By Marilou Newell

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Upcoming Events at Mattapoisett Library

Re-Set Your Stress with Dr. Kristen Lee: “Dr. Kris” will present her book Re-Set: Make the Most of Your Stress on Tuesday, July 19 from 7:00 to 8:00 pm. Hear about her research and how to manage stress to your benefit. Books will be available for purchase and signing.

Dr. Kristen Lee, Ed.D., LICSW, is an award-winning behavioral sciences professor, clinician and author from Boston. She is a regular contributor for the Huffington Post and Psychology Today. Dr. Kris’s work has been featured on NPR and CBS radio.

Dr. Kris is a Licensed Independent Clinical Social Worker known for her advocacy in promoting increased mental health integration in social policies and institutions to facilitate access and improved health outcomes in the U.S. and across the globe.

Everyone is welcome to this free program to be held in the downstairs meeting room.

Free Health and Wellness Series for Adults and Teens: Each Tuesday from 10:30 until 11:30 am, adults and teens can find out more about wellness practices, courtesy of the practitioners themselves. The theme this summer is to exercise your mind and body to be in the best shape possible.

– July 12: Learn to De-Stress through Energy Work with Kim Field

– July 19: Learn about Reiki with Vi Bobola

– July 26: Have Fun with a Clean Living Make & Take with Kristen Boucher

– August 2: Try Chair Massage with Jessica Noblet

– August 9: Try Yoga and Mediation with Donna Wingate

– August 23: Experience Tai Chi and the Five Elements with Mary Beth Soares

Sign up for one or more programs by calling 508-758-4171 or visiting the main circulation desk. These programs are perfect for beginners who would like to know more about these practices. Everyone at all levels is welcome.

Book Walk and Talk Every Wednesday: Walk from the Mattapoisett Library to Ned’s Point and back beginning at 8:00 am every Wednesday with Library Director Susan Pizzolato to discuss good books and what we’re reading. Get in shape and get some good reading recommendations.

Library Bingo: Why should kids have all the fun? Stop by the library reading room and pick up a Bingo card filled with reading and activity tasks. Score Bingo and enter to win the giant basket of health and wellness items and books on display in the reading room. Fill the entire card and receive a copy of the hard bound book A Picture Postcard History of Mattapoisett, Massachusetts (a $30 value), courtesy of the Mattapoisett Historical Society. The drawing for the wellness basket will be held August 24. You need not be present to win.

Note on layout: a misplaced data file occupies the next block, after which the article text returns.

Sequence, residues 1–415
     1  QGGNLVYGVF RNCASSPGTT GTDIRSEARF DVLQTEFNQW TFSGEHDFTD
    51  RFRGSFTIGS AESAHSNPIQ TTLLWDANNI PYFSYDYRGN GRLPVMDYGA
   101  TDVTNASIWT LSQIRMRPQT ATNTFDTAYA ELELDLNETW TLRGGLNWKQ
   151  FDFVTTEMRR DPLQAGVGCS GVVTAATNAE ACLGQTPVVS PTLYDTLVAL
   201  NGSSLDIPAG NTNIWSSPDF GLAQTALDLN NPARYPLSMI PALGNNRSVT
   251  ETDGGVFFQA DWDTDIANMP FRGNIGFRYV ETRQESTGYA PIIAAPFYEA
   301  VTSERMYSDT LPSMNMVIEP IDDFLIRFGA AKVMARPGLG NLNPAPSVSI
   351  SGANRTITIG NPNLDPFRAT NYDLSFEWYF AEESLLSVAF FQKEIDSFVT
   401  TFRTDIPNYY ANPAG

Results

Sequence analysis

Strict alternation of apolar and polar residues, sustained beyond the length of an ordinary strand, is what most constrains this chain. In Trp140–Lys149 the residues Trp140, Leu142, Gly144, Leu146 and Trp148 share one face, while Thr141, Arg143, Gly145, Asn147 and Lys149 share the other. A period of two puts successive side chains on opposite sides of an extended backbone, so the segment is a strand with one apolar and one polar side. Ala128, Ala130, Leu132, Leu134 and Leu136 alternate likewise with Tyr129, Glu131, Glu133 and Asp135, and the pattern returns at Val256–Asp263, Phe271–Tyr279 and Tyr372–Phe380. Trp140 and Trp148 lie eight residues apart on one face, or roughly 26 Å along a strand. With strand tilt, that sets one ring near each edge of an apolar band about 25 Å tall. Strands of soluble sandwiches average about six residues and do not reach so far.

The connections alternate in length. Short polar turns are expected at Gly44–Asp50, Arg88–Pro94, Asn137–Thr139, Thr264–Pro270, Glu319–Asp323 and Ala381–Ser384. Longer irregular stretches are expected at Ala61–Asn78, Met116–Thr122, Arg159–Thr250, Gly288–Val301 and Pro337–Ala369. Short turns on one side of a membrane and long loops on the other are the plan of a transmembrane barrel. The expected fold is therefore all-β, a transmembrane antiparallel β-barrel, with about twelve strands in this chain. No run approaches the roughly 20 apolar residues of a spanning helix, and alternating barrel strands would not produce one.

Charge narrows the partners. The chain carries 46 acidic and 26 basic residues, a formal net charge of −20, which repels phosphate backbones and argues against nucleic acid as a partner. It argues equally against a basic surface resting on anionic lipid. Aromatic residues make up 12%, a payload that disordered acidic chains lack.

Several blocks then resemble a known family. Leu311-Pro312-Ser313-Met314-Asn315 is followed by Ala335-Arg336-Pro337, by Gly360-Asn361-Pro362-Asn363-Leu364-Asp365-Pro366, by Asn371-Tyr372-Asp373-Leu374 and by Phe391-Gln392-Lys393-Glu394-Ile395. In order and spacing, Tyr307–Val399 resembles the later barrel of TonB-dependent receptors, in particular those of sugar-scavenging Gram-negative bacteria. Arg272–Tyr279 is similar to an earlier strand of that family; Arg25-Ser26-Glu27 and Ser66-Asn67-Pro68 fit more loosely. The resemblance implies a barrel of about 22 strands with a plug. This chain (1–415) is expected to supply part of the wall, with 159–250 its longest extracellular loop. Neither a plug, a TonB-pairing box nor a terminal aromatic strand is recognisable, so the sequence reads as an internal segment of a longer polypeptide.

The Mattapoisett Free Public Library is located at 7 Barstow Street and is handicapped accessible.

Pony Rides at Harbor Days

Munro Preserve is going to be a busy location on Saturday, July 16, at Harbor Days. Pony rides for children of all ages will be available from 11:00 am – 3:00 pm. Munro Preserve is next to Shipyard Park. The ponies will accommodate anyone less than 125 pounds. Pony rides are $5 each. Wear your cowboy or cowgirl attire and join in the fun. We will have face painting available at Munro Preserve as well.

MHS Walking Tours

Walking Tours of historic Mattapoisett Village start at the Mattapoisett Historical Society at 5 Church Street at 2:00 pm on July 16, July 30, and August 13. Learn from Seth Mendell about historic buildings, the electric rail, the saltworks on Goodspeed’s Island, the Charles King Mansion at the mouth of the river, and “The Dude Special.” Visualize the building of whale ships in the park and how the British attempted to burn the shipyards during the War or 1812. The duration of the walk is approximately one hour and a quarter. Members are free; non-members $5. For more information, please call 508-758-2844 or email mattapoisett.museum@verizon.net.

MLC to Hold 1st Cornhole Tournament

Mattapoisett Lions Club will hold its first annual Harbor Days Cornhole Tournament during Harbor Days. Join the fun on Saturday, July 16 at 3:00 pm. Entry fee is $30 per team. This will be a Double Elimination Tournament, guaranteeing each team at least two games. First Place is a set of custom-made boards. These are high quality boards that retail for over $200. Second place prize is $100 with $75 for third place based on a minimum 20 teams. Immediately following the main event, a “Last Man Standing Tournament” will be held with a $10 entry fee and one winner. All proceeds to benefit Mass Lions Eye Research and local Lions Charities. Contact MattLionsclub@Gmail.com to review the rules and make your reservation.